Mass Atrocity Crimes

This program aims to ensure that individuals and states are held accountable for the commission of gender-based mass atrocities, including genocide, war crimes, and crimes against humanity.


New Report Provides First Comprehensive Legal Analysis of the Role of Gender in Genocide

FOR IMMEDIATE RELEASE – December 7, 2018

[New York] – Today, the Global Justice Center (GJC) released the first comprehensive legal analysis of the gender-based crimes of genocide. Over the past four years, the world has witnessed at least two genocidal campaigns—against the Yazidis in Iraq and against the Rohingya in Myanmar. Widespread sexual and gender-based violence was central to both, as in the genocides in Darfur, Rwanda, Srebrenica, and Guatemala. The new report, Beyond Killing,details the role that gender plays in the commission of genocide and the role it must therefore play in efforts to prevent and punish it.

For too long, the understanding of genocide has centered on killing, a genocidal act that most often impacts men. Women and girls are more likely to survive the initial wave of killings—facing enslavement, beatings, starvation, degradation, and other acts that form constitutive acts of genocide. Survivors of these abuses are not just witnesses to the genocide: they are its intended targets and require accountability and reparations. When the gendered, non-killing crimes of genocide go unrecognized, women and girls, in particular, are denied justice for the abuses they have suffered.

Destruction of the Spirit: The Critical Role of Gender in Genocide

Genocide is a crime of destruction, an attempt to annihilate a group of people and render them irrelevant, invisible, and eventually forgotten. Popular conceptions of genocide have long characterized it mainly as a crime of mass killing, the majority of victims of which tend to be men. During genocidal campaigns, women and girls are more likely to survive the initial killings but face enslavement, beatings, starvation, degradation, and other atrocities that form constitutive acts of genocide. Survivors of these abuses are not just witnesses to genocide; they are also its intended targets. When these gendered, non-killing crimes are not recognized as genocide, women and girls are denied justice for the abuses they have suffered.

Across continents and cultures, genocide is carried out along gendered lines. The first step is often the separation of groups by gender and age for distinct treatment.  When Daesh captured thousands of Yazidi in August 2014, they executed males over 12 years old, and sold women and girls into slavery. During the Rwandan genocide, members of the Hutu militia tore clothes off children to ensure boys were not dressed in girls’ clothing as a means of escaping mass killings. Once separated, women and girls experience distinct and destructive genocidal acts.

Though they are frequently not regarded as genocidal, these acts can in fact form the basis for the four non-killing crimes of genocide: causing serious bodily or mental harm, inflicting conditions of life calculated to destroy, imposing measures to prevent births, and forcibly transferring children to another group. For an in-depth legal analysis of the role of gender in genocide, see the Global Justice Center’s whitepaper, Beyond Killing: Gender, Genocide, and Obligations Under International Law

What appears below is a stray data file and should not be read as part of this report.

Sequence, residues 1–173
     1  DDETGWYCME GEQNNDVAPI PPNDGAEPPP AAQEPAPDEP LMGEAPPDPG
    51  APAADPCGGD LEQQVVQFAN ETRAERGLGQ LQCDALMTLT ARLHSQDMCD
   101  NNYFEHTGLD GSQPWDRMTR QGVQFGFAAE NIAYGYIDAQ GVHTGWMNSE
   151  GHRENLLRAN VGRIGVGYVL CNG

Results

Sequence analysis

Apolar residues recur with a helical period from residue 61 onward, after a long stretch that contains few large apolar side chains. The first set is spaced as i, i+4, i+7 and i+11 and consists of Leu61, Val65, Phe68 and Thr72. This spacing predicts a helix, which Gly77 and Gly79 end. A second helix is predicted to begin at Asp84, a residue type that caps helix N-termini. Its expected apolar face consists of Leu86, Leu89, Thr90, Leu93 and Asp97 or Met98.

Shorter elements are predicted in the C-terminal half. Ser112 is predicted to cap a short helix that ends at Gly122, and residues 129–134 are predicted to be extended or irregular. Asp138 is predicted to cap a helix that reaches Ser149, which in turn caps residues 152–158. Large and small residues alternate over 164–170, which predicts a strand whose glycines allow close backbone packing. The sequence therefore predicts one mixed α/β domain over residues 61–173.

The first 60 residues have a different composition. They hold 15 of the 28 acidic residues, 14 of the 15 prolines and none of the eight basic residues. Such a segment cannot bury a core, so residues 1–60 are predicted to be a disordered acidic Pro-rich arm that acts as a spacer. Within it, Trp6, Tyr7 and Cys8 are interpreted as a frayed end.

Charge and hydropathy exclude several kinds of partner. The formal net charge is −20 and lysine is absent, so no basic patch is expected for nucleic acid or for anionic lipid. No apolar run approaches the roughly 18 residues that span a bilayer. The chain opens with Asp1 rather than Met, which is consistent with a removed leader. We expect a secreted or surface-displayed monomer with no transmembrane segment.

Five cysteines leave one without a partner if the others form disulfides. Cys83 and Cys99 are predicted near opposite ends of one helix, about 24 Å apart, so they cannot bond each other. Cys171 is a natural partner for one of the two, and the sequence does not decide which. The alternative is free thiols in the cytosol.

Examples of Non-Killing Genocidal Crimes against Women and Girls

Widespread Sexual Violence

Sexual violence is a deliberate tactic in most genocidal campaigns. In Darfur, the Janjaweed militia conducted a campaign of systematic rape of women and girls, which frequently involved sexual mutilation of victims. In Burma, there are at least ten recorded instances of large-scale gang rape, where Burmese forces raped up to 40 Rohingya women and girls at a time, often in front of their communities; sexual violence was so widespread during the military’s attacks that a survivor recalled, “I was lucky, I was only raped by three men.” In Rwanda, between 250,000 and 500,000 Tutsi women and girls were subjected to systematic rape throughout the course of the 100-day genocide. As the landmark Akayesu judgment later ruled, “sexual violence was a step in the process of the destruction of the Tutsi group—destruction of the spirit, of the will to live, and of life itself.”

Forced Pregnancies and Reproductive Control

Forced pregnancy as a result of mass rape is also a tactic of genocide. Daesh openly discussed the impregnation of Yazidi women and girls, adhering to a theory of patrilineage where “the slave girl gives birth to her master.”  During the Bosnian War, Serbian forces deliberately impregnated non-Serbian (and particularly Bosnian Muslim) women and adolescent girls, forcing those who became pregnant as a result to carry their pregnancies to term. These forced pregnancies reverberate long after atrocities have ceased—victims of rape can be cast out of their communities, while children of rape are abandoned or are not accepted into their mothers’ societies at all. Some genocidaires take a different approach to reproductive control, subjecting women to campaigns of forced sterilization and forced abortion. During the Rohingya genocide, for instance, pregnant women were regularly targeted for rape and abuse. In one instance,  a perpetrator raped a Rohingya woman before slitting open her stomach and killing her unborn baby with a knife. Other pregnant Rohingya women suffered miscarriages due to the trauma of rape.